Of course, we want to believe that events have intrin­sic meanings–that these mean­ings are obvious–and that the mean­ing I ascribe to a sit­u­a­tion is also the ‘true mean­ing.’ We get right indig­nant when oth­ers dis­agree with us as to this sub­jec­tive meaning.

All of us have been caught up in the dra­ma of try­ing to get oth­ers to change their minds and/or their mean­ings. We get so caught up in defen­sive­ness and argu­ment that we for­get that the sub­jec­tive is, by def­i­n­i­tion, also the personal.

How I view my real­i­ty is sole­ly and com­plete­ly a result of my upbring­ing, expe­ri­ences, and his­to­ry. The only authen­tic ques­tion is—is the way I am inter­pret­ing my real­i­ty help­ing or hurt­ing me? If my inter­pre­ta­tion is hurt-filled, I can con­tin­ue to try to force the world to see it my way, or I can bring peace.

To bring peace is not giv­ing up, sur­ren­der­ing, admit­ting fault, or wimp­ing out. Let me toss out a few names: Gand­hi, Mar­tin Luther King, Moth­er There­sa. Not exact­ly wimps. Peo­ple with strong opin­ions, goals, aims. Yet, their method was sim­i­lar. Into extra­or­di­nar­i­ly dif­fi­cult sit­u­a­tions, they brought peace. Not com­pro­mise. Just a firm con­vic­tion that one could be peace­ful while at the same time chang­ing the course of history.

Our personal lives are precisely as torment-filled as we torment ourselves.

In Steven King’s Lisey’s Sto­ry, a char­ac­ter says some­thing like: “90% of the things peo­ple think about are none of their smuck­ing busi­ness.” The point is that we spend inor­di­nate time in our heads mak­ing trou­ble for our­selves over things we can either do noth­ing about, or which are not our busi­ness in the first place.

Peace, on the oth­er hand, begins with allow­ing sit­u­a­tions to be sit­u­a­tions, and allow­ing oth­ers to hold their beliefs with­out the demand that they change.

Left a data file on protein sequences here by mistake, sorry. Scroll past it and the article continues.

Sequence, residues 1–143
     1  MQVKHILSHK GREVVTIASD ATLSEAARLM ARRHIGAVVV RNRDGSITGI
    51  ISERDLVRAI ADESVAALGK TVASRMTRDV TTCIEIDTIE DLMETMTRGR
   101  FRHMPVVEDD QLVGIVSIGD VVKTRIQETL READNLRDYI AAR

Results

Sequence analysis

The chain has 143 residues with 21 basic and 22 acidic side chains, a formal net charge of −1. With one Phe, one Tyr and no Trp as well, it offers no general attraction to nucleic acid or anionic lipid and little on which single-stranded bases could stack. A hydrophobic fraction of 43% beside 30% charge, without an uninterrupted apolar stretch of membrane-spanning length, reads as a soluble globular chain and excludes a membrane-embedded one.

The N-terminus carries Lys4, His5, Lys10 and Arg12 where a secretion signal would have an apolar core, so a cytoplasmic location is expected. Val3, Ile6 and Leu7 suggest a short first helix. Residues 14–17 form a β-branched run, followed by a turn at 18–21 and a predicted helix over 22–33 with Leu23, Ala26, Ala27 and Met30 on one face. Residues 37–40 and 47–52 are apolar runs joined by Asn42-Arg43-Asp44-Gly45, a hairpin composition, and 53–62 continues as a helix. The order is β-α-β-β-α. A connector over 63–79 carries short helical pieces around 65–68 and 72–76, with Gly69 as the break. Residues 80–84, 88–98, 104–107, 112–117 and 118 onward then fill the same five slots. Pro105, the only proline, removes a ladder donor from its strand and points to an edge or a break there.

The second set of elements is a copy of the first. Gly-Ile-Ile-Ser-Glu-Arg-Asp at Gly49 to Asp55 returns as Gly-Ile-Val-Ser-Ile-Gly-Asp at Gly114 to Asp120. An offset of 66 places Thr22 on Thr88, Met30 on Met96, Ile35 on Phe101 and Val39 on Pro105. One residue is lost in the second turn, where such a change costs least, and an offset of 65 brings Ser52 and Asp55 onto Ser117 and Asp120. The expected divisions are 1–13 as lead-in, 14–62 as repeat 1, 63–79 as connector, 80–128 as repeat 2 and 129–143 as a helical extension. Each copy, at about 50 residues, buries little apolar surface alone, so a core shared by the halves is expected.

Rather, I simply engage in what I can control—my interpretations, and especially my actions.

It does me no good to demand that oth­ers com­mu­ni­cate ele­gant­ly and truth­ful­ly. All I can do is to com­mu­ni­cate ele­gant­ly and truth­ful­ly. It does me no good to preach non-vio­lence, and then yell at oth­ers, or, heav­en for­bid, use phys­i­cal force unnecessarily. 

I remem­ber once walk­ing through a mall. A moth­er was shak­ing her eight-year-old, scream­ing at him, “How many times have I told you not to yell at and hit your sis­ter?” I can’t for the life of me, fig­ure out where he learned to do that…

Excuses, Excuses…

Many are the excuses. 

I was abused as a child.”
“I speak direct­ly and hon­est­ly. I only lose it when he’s being a jerk.”
“My dad had a bad tem­per.”
“I can’t let peo­ple walk all over me.”

Instead of excus­es, bring peace. Speak clear­ly and act in a dis­ci­plined way. Tell your truth with­out demand­ing that oth­ers agree with you. Act so that your words match with your actions, and move for­ward so that you sense your own integrity.

This is not back­ing down. This is claim­ing your sto­ry, your truth, and your path as your own, and sim­ply and peace­ful­ly walk­ing it.

Notice how you block your­self from walk­ing your own peace­ful, impact­ful path—by blam­ing, fight­ing, demand­ing. Open your­self to the pos­si­bil­i­ty of liv­ing your life free of the need to force oth­ers, manip­u­late oth­ers, or seek the per­mis­sion of oth­ers. Find and walk your path, in peace and with integri­ty. In the end, it is all any of us can do.